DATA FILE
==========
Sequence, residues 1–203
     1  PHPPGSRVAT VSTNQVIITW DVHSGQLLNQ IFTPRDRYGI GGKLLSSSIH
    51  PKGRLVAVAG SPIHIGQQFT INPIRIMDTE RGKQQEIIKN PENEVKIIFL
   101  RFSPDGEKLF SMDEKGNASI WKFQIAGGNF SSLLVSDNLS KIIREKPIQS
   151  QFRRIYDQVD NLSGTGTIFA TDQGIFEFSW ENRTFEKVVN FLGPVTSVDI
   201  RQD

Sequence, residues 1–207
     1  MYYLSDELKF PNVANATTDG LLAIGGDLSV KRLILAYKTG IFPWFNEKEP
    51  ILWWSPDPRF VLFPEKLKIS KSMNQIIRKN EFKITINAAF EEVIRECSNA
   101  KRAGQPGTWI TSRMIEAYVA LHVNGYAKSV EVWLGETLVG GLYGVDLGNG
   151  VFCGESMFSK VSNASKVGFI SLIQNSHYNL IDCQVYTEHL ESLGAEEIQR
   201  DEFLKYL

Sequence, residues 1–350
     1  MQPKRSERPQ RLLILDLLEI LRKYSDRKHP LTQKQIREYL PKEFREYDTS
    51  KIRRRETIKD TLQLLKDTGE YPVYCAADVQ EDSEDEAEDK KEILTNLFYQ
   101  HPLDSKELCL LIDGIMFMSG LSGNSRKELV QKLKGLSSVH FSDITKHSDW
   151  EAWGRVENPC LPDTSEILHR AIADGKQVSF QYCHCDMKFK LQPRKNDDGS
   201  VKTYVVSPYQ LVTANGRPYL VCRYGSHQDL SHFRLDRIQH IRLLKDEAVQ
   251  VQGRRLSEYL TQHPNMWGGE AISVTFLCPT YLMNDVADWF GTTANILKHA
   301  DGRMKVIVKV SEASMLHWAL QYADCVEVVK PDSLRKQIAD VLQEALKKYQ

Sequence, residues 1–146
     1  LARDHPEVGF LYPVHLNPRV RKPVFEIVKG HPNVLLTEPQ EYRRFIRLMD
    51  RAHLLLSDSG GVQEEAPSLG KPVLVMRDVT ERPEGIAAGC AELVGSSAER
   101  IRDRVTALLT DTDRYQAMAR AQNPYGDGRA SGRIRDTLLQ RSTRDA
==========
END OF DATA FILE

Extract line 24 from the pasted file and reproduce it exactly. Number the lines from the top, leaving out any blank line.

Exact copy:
   101  IRDRVTALLT DTDRYQAMAR AQNPYGDGRA SGRIRDTLLQ RSTRDA